With Pirates Week in full swing, the Caymanian Compass decided to take an historical account of piracy, pirates and privateers in the Cayman Islands. This is the third of a four-part series
In 1680, a Spanish vessel took a French ship off Grand Cayman and the captor noted the Islands were frequented by French corsairs, who had made Cayman Chico (Little Cayman) their headquarters.
May 1681, the French Ambassador Barrillion records that Captain Herbouin of ‘La Royale’ was traveling from St. Christopher, carrying salt and brandy when it stopped at Cayman to collect turtles. Two leagues from the Cayman Islands it met with an English privateer who was armed with several canons and a crew of 50 men. The French vessel was taken and the men were offloaded into the longboat with a barrel of water and a few pounds of salted turtle. Herbouin then landed on a small islet, where they remained for three weeks eating fruit and roots, before finding their way to Jamaica and from there to France.
In 1682 Captain Ubinet who operated a French Pirate ship and held a commission from Tortuga, admitted to the Spanish in a confession that pirates regularly resorted to Cayman. He said ‘Cayman was used as a base for French pirates and they would work together with English pirates, raiding Spanish settlements, sometimes guided by local Indians.’
In 1683 Sir Thomas Lynch wrote to Secretary Sir Leonine Jenkins and explained that privateers use Cayman as a rendezvous point to stop off and distribute their booty after successful expeditions.
In 1684, Captain Joseph Bannister was the commander of a merchantman, the Golden Fleece. In June of that year he fled Port Royal in his 30 gun ship, recruited more than one hundred men and allegedly armed with a French commission he set of a privateering voyage. On 27 July, Bannister was captured by the navy ships the HMS Ruby and HMS Boneta that were out looking for pirates. Banister was apprehended in the Cayman Islands while stocking with turtle. Governor Sir Thomas Lynch said ‘they took him (Bannister) at Caymanos; he had about 115 men on board, most the veriest roghues in these Indies.’
In January 1685, while awaiting a trial on charges of piracy Bannister escaped the Port Royal gaol and seized a sloop and managed to get out of the bay despite several direct hits on the sloop from the 14 guns under the command of Major Peter Beckford at the fort. Eventually on 28 January, 1687, Captain Spragg on HMS Falcon succeeded in capturing Bannister, ‘this day the Drake arrived with Bannister; he and three of his partners hanged at the yard arems, and severall other prisoners.’
In the autumn of 1681 the flamboyant Dutch pirate Nikolaas van Hoorn was in possession of the British slaving vessel the Mary and Martha of 400 tons and carrying 40 guns.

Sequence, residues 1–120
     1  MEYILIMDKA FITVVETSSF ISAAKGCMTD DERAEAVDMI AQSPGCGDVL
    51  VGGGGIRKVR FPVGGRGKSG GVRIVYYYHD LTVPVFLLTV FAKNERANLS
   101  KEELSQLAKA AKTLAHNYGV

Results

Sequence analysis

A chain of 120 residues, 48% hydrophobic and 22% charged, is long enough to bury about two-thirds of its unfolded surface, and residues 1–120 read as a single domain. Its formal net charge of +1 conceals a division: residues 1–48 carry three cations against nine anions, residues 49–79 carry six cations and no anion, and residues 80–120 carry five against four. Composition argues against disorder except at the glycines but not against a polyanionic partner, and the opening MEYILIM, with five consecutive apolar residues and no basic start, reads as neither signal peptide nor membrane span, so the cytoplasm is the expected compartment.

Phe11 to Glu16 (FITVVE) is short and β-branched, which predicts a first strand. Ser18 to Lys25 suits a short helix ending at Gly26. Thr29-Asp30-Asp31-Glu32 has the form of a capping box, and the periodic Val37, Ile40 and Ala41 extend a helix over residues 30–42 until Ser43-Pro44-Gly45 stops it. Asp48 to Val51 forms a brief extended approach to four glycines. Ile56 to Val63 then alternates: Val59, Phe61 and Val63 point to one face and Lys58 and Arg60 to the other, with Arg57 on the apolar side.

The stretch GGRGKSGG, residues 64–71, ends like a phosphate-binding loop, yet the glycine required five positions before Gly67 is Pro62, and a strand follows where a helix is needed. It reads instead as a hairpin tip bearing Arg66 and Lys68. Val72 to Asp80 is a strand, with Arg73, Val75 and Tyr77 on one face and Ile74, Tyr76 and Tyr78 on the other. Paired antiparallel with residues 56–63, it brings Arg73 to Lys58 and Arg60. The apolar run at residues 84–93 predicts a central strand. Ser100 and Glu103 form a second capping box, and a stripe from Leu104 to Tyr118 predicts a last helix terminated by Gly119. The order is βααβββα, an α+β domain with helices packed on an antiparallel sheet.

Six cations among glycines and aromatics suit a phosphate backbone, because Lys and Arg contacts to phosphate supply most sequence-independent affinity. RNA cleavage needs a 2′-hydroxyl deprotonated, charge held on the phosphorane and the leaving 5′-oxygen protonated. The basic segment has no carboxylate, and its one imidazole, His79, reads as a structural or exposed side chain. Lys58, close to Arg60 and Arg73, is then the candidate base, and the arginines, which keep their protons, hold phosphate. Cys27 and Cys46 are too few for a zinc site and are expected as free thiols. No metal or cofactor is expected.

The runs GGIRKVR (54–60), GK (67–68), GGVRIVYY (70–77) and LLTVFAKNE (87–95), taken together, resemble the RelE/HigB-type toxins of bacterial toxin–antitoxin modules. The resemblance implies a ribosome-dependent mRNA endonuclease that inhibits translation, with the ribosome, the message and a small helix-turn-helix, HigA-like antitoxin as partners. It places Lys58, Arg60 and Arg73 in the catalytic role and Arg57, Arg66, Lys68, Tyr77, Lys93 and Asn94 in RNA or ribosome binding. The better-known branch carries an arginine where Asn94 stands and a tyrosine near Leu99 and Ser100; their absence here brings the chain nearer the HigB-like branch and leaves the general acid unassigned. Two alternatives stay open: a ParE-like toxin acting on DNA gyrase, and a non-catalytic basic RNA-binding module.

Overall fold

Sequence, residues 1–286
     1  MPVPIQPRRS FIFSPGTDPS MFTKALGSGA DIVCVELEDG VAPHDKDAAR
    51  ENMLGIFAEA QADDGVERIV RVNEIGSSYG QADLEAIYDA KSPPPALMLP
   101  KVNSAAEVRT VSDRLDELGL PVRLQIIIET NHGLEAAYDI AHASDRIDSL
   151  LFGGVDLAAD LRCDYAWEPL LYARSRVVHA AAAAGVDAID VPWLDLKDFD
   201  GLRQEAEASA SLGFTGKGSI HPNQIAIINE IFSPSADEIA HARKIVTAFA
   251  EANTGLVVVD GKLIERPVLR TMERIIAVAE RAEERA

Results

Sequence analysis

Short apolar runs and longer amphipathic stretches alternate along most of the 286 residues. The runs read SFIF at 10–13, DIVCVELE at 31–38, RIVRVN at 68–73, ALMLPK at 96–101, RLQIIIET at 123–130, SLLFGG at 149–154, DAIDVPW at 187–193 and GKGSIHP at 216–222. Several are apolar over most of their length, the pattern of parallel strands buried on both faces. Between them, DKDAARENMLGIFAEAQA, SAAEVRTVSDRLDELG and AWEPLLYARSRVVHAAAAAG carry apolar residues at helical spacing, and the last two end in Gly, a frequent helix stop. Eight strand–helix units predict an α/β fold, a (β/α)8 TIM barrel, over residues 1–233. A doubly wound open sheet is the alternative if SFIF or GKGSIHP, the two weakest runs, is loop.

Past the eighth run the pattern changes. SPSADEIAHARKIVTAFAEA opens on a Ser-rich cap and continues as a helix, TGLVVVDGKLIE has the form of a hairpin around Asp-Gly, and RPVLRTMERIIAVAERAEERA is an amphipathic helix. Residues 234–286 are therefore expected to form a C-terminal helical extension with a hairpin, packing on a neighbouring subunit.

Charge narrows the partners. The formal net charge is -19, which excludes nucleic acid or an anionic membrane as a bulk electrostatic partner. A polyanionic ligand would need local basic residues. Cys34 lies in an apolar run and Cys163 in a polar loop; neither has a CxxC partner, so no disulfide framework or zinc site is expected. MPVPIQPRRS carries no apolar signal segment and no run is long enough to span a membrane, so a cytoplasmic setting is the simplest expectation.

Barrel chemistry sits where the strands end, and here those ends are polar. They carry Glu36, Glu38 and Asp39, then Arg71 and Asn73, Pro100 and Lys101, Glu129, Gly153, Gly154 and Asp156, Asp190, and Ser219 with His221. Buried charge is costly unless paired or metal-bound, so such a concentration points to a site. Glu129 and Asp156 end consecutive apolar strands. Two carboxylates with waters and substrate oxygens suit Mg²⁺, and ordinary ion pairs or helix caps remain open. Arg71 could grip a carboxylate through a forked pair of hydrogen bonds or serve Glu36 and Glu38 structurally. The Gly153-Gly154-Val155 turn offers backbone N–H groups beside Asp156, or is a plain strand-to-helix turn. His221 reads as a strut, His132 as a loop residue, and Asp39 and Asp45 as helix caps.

According to the contemporary historian Oexmelin he took several Dutch ships and then headed to Cayman where he ‘spoke with some privateers and sent for others to meet him in the Bay of Honduras.’
This meeting was part of the preparations for an assault on Vera Cruz. By May, Van Hoorn had assembled a fleet of five ships and eight smaller vessels and he was joined by leader of the buccaneers in Samana Bay, Laurens de Graaf and the notorious French pirate Grammont and another Dutch privateer Yanky.
On 17th May more than 1,000 pirates attacked Vera Cruz and for three days they pillaged and plundered the churches, houses and convents. In a dispatch from Governor Lynch of Jamaica he noted, ‘they threatened to burn y great church, and as the prisoners were over 60,000 so then they sent into y country for money and gave them, so the fourth day they left y town and went with their pillage to a cay, and there divided it…Yanky got first to Caymanas and is bound for Spaniola.’
In 1716, the most notorious of all the pirates Black Beard, otherwise known as Edward Teach was on board the 40 gun sloop the Queen Ann’s Revenge when he took a small turtling vessel anchored off Grand Cayman. According to Captain Charles Johnson, ‘Edward Teach then sailed on towards Havana.’ Blackbeard reputedly had 14 wives and he would force them to dance by firing pistols at their feet.
In 1721 George Lowther was the second mate on the Gambia Castle, a vessel involved in the slave trade for the Royal African Company. In May of that year, Lowther led a mutiny and renamed the vessel Delivery.
He then hoisted the pirate flag and set off for Grand Cayman with 50 mariners. Arriving off the coast, Lowther came across Edward Low anchored near a white sand beach and he offered him the position of leuitenant. Low accepted the position and his 12 crew members joined Lowther on the Delivery. Low’s vessel was then abandoned and deliberately sunk somewhere off the coast of Grand Cayman. Presumably the remains of the vessel are still lying on the seabed today.
The pirates then set off and seized a number of vessels. Phillip Ashton was one of the men captured by the pirates. He provided this description: ‘A vile crew of miscreants to whom it was a sport to do mischief, were prodigious drinking, monstrous cursing and swearing, hideous blasphemies, and open defiance of Heaven, and contempt of hell itself, was the constant employment.’ In 1723 Low captured a Portuguese ship. The captain threw his hoard of gold (11,000 moyodores) into the sea rather than letting it fall into the hands of the pirates and in retaliation, ‘Lowe cutt off the said Master’s lipps and broyl’d them before his face,’ before murdering the entire crew of 32 sailors.
Lowther and Low later split up. Lowther and his pirates were eventually tracked down on the Island of Blanco, a number of the crew were captured and later hanged, Lowther appears to have shot himself, ‘he was found dead with his pistol busted by his side.’ George Low was reportedly set adrift by his own men. He was picked up by a French boat from Martinique and was later hanged.